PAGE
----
29 Nov Massachusetts Homeowners – When Is The Best Time to Inspect Your Gutters?
Regularly inspecting your gutters and having them professionally inspected annually is good preventive maintenance. Our four distinct seasons in Massachusetts and our beautiful hardwood forests all pose their own challenges to a properly functioning gutter system so keeping an eye out for potential problems year round is a good policy. Knowing what to look for while you go about your regular routine at home can serve as an important first step in keeping your gutters working properly.
In Massachusetts, rain gutters are an important if understandably overlooked part of almost every home. They are designed to be inconspicuous and blend in with its design and color. When gutters are doing their job it’s easy to never give them a second look. Taking some time to check your gutters is a good way to keep them operating at peak efficiency and avoiding costly problems associated with poor drainage around the house.
When gutters are doing their job, they quickly and efficiently move water off the roof and away from the house. Rain gutters must handle a surprising volume of water and sometimes in a very short time. A gutter system on a typical 2000 square foot Massachusetts bungalow will move more than 1200 gallons of water for each inch of rain. If your gutter system is not functioning properly the problem can quickly become serious.
Inspect Your Gutters When it Rains
While you might prefer to curl up with a good book and a hot cup of tea when it’s raining outside this is your golden opportunity to check on the health of your gutters and make sure they are protecting your house.
Look at the drainage around your foundation. Are there signs of erosion or pooling near the house? Is water flowing into cracks along the driveway or walkway? If you can you see water flowing across the driveway or walkway, is it flowing away from the house?
Check your downspouts. Is water running along the outside of the downspout? Are there obvious cracks or gaps along the downspout or at joints or elbows? Is the water from the downspout being directed to a splash block? Is the splash block and grade sloped away from the house or is water running back toward the foundation wall? Your downspout should be directed at a splash block sloping away from the house and water from the splash block should be deposited at least two feet from the exterior wall.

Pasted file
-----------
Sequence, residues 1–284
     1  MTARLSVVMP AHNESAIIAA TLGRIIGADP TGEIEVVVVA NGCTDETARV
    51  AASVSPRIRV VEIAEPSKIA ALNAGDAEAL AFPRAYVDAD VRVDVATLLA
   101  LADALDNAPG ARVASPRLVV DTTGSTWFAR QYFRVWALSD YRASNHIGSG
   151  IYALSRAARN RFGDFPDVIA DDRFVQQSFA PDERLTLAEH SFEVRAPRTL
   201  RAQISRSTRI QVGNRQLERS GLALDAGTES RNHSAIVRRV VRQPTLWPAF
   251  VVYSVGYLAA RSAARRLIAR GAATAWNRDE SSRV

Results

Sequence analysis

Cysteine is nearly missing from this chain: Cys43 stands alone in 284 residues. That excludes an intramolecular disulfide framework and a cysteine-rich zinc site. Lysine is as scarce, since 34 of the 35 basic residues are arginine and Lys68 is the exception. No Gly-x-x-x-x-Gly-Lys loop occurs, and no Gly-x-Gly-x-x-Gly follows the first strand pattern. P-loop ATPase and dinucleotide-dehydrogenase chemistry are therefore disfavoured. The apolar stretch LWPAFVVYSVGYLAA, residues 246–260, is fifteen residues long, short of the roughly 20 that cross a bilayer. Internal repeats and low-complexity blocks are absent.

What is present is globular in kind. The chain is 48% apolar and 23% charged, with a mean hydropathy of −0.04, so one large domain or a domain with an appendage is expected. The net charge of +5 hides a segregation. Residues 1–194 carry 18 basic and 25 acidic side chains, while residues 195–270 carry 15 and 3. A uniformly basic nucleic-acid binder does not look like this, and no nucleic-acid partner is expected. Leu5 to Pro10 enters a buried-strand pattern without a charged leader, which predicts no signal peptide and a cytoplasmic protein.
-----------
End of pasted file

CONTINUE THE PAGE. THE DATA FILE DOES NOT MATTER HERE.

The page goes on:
Look at the gutters and leaves. Are there any leaks or is water overflowing the gutter? Are there areas where water is noticeably running down the side of the house? Do all of the gutters appear to be securely attached?
In the Fall
Fall is a glorious time in Massachusetts but when the brilliant fall colors begin to fade it’s a good time to take a look at your gutters. Inspecting your gutters from the ground is easy to do and can give you a heads up on things that may require a closer inspection. Walk around your house slowly to look for signs of developing problems. This is a good habit for all kinds of potential home maintenance issues.
With much of the foliage gone it’s easier to look for foundation wall cracks. Cracks may indicate an area where water is collecting and entering the house. Make sure to pull back shrubs and plantings to see if anything might be hidden. Look for discoloration on the siding and streaking on the underside of your rain gutters. This may be a sign that the gutters are clogged and water is overflowing and running down the house.
While looking at the gutters and downspouts check for any protruding nails or screws that may indicated the gutters or downspouts are pulling away from the house. Check for any obvious missing or loose pieces or gaps in the gutter or between the gutter and the fascia. Are there signs of rust, particularly along seams and at joints?
NOTE: We offer gutter protection system installation services. Click the link for more information.
Spring for an Inspection
Spring may be the best time to consider hiring a professional to go up on your roof. Safety wise it’s always a good decision to have the right equipment and procedures in place. Spring is also a great time to have a professional check your roof so consider having a pro take care of both jobs at once.
If you decide to do it yourself look for any buildup of debris or water pooling around downspouts. If there is a moderate amount of leaves and small debris in the gutter you can often use a leaf blower or rinse the gutters out with a garden hose. Inspect the inside of the gutters for any signs of rust or damage once you have removed the debris. Look at interior screws and fasteners for signs of rust or tearing out.
Look at the fascia board and check for signs of moisture or rot. If there is standing water in your gutters that is not due to a buildup of debris you may need to check the slope of your gutters. Uneven settling of the house can be enough to change the direction of flow or the gutters may have been installed incorrectly.
If you find a problem that can’t be easily fixed, make sure you call our professionals (800.562.1289).